Episode 151 – Capital Letters, 99 Phones, and Double Dipping
Welcome to SEO This Week Episode 151. This week we are taking a look at an article about capitalization in your URL's that just might be causing you a problem. Then we'll look at a test a guy did with 99 cell phones that resulted in a traffic jam. We'll dive a bit deeper into the featured snippets discussion and if its worth it to try capture them. Finally, we'll look at a Google patent that is discussing answering entity-seeking queries.
URL Capitalization & SEO: Does It Really Matter?
In SEO, there are many long-running debates.
That’s why the term “it depends” gets thrown around so often in our industry when answering questions.
One such topic of debate: does URL capitalization really matter for SEO?
Read on as we try to clear up some of the confusion.
A guy carted 99 phones around to create traffic jams on Google Maps (Updated)
For his experiment, Weckert loaded 99 smartphones running Google Maps into a cart. He then had someone wheel that cart around various streets in Berlin, including outside the Google office.
The phones apparently fooled Google Maps into thinking that there was a high concentration of users on those streets. Because the phones were in a cart, Maps was further tricked into believing that the traffic was slow-moving.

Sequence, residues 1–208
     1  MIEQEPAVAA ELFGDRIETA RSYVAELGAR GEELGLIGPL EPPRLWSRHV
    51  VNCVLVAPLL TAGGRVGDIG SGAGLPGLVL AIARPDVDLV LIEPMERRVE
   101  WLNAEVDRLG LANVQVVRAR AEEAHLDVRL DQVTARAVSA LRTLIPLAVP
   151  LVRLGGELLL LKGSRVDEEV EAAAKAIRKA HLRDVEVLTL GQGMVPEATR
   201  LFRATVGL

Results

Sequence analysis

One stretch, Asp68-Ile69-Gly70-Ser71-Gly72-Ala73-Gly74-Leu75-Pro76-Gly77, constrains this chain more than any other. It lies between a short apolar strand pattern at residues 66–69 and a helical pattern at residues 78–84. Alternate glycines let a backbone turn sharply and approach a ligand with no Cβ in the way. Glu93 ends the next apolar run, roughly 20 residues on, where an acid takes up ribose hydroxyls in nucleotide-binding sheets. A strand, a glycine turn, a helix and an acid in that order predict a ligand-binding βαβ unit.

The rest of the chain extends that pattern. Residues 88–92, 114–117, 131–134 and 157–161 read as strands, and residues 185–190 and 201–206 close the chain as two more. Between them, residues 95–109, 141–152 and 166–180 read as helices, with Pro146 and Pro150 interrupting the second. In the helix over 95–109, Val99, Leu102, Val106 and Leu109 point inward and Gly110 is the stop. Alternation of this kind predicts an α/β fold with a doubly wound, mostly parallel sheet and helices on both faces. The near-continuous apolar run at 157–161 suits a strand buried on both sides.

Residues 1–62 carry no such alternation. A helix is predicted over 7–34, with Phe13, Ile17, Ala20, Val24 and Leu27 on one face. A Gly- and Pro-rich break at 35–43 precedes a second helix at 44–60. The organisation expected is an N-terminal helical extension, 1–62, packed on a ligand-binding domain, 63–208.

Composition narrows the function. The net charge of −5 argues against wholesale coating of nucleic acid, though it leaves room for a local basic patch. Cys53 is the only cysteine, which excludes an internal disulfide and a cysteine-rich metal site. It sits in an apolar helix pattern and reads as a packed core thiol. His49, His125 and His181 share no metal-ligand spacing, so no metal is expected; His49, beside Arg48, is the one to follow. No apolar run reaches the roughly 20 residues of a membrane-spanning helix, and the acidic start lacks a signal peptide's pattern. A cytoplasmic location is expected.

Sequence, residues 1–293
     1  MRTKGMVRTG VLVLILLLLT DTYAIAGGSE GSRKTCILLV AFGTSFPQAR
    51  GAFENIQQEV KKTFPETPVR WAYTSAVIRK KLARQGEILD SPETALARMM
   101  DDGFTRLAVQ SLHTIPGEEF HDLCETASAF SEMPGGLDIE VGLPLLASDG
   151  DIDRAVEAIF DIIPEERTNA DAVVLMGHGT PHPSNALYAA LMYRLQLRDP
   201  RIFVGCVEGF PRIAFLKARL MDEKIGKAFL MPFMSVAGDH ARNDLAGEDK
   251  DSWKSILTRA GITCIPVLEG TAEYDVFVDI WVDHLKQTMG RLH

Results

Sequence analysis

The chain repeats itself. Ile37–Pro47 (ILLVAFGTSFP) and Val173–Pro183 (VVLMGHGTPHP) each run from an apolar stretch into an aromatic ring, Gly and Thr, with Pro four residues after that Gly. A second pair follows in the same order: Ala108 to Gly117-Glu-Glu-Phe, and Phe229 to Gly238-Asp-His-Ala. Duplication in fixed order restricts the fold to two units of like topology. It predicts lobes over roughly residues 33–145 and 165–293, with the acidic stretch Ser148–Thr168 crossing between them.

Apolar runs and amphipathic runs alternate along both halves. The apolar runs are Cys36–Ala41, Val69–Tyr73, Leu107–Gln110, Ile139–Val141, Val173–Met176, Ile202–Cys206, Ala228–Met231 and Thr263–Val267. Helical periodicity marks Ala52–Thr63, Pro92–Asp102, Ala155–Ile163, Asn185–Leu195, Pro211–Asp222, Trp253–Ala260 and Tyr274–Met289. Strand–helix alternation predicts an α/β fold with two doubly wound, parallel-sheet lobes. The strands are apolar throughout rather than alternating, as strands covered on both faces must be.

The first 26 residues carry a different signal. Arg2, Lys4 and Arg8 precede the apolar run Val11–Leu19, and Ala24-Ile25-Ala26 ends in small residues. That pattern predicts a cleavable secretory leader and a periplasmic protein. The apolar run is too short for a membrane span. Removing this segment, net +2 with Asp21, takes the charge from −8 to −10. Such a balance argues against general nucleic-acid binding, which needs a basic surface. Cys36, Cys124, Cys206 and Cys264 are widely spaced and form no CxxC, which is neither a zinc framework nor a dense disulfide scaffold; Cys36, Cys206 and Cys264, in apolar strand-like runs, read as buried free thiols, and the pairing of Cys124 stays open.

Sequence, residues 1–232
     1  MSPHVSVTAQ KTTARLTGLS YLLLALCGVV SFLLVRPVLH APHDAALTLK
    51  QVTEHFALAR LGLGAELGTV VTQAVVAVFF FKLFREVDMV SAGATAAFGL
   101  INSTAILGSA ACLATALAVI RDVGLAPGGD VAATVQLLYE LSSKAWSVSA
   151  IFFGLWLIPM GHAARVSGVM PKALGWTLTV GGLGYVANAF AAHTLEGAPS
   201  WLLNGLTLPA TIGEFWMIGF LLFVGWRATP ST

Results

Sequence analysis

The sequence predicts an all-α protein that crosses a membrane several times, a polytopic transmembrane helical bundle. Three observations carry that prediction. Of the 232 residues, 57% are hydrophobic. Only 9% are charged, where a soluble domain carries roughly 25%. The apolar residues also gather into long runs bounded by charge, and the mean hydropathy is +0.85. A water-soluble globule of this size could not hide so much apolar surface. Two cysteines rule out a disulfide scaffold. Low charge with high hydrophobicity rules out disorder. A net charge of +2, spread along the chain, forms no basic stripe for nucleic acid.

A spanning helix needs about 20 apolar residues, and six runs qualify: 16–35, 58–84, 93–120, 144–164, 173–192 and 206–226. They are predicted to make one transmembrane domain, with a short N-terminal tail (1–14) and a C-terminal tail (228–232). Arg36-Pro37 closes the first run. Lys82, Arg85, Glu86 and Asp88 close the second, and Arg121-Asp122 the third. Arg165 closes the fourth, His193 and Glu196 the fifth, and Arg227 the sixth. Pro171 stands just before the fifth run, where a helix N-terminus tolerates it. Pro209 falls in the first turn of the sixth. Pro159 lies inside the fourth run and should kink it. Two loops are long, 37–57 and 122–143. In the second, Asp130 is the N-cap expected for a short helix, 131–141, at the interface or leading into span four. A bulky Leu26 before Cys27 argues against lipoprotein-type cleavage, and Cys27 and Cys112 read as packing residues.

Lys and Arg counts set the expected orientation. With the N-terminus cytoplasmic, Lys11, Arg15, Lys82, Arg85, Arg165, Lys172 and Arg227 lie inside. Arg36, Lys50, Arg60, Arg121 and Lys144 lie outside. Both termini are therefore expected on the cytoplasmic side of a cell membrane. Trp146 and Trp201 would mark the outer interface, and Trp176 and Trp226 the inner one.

As a result, the navigation app started showing virtual traffic jams by turning green streets to red. You can watch the video below to see the trick in action.
No More “Double Dipping” on Featured Snippets—Does It Matter?
On January 23, Google announced that, “If a web page listing is elevated into the featured snippet position, we no longer repeat it in the first page of results.”
Historically, a “standard” link—in addition to the linked snippet—also appeared on Page 1. That meant that owning a featured snippet meant owning two Page 1 results.
How has the recent change affected traffic? How much was “double dipping” actually worth? It’s a hard question to answer. Few sites have enough featured snippets to offer anything other than (very) anecdotal evidence. Those that do, typically, are unwilling to share traffic data.
Google Patent Overview: Answering Entity-Seeking Queries